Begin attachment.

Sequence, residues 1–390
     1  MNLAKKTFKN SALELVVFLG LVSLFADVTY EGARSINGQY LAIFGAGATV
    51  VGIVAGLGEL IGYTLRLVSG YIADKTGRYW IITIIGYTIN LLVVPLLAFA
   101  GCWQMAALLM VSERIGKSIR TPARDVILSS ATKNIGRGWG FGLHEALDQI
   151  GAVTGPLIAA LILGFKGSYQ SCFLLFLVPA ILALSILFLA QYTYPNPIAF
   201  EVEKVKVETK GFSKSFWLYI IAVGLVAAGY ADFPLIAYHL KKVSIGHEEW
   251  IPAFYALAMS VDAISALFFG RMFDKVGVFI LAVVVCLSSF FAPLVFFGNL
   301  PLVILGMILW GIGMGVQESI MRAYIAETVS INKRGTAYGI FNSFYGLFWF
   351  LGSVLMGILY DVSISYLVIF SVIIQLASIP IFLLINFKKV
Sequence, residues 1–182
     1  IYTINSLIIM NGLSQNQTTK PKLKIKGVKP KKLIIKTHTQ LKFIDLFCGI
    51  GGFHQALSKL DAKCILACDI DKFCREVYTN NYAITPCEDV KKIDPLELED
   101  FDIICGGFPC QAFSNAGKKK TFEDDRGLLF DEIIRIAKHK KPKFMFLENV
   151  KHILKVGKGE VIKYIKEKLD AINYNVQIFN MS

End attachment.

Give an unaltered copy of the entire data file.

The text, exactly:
Sequence, residues 1–390
     1  MNLAKKTFKN SALELVVFLG LVSLFADVTY EGARSINGQY LAIFGAGATV
    51  VGIVAGLGEL IGYTLRLVSG YIADKTGRYW IITIIGYTIN LLVVPLLAFA
   101  GCWQMAALLM VSERIGKSIR TPARDVILSS ATKNIGRGWG FGLHEALDQI
   151  GAVTGPLIAA LILGFKGSYQ SCFLLFLVPA ILALSILFLA QYTYPNPIAF
   201  EVEKVKVETK GFSKSFWLYI IAVGLVAAGY ADFPLIAYHL KKVSIGHEEW
   251  IPAFYALAMS VDAISALFFG RMFDKVGVFI LAVVVCLSSF FAPLVFFGNL
   301  PLVILGMILW GIGMGVQESI MRAYIAETVS INKRGTAYGI FNSFYGLFWF
   351  LGSVLMGILY DVSISYLVIF SVIIQLASIP IFLLINFKKV
Sequence, residues 1–182
     1  IYTINSLIIM NGLSQNQTTK PKLKIKGVKP KKLIIKTHTQ LKFIDLFCGI
    51  GGFHQALSKL DAKCILACDI DKFCREVYTN NYAITPCEDV KKIDPLELED
   101  FDIICGGFPC QAFSNAGKKK TFEDDRGLLF DEIIRIAKHK KPKFMFLENV
   151  KHILKVGKGE VIKYIKEKLD AINYNVQIFN MS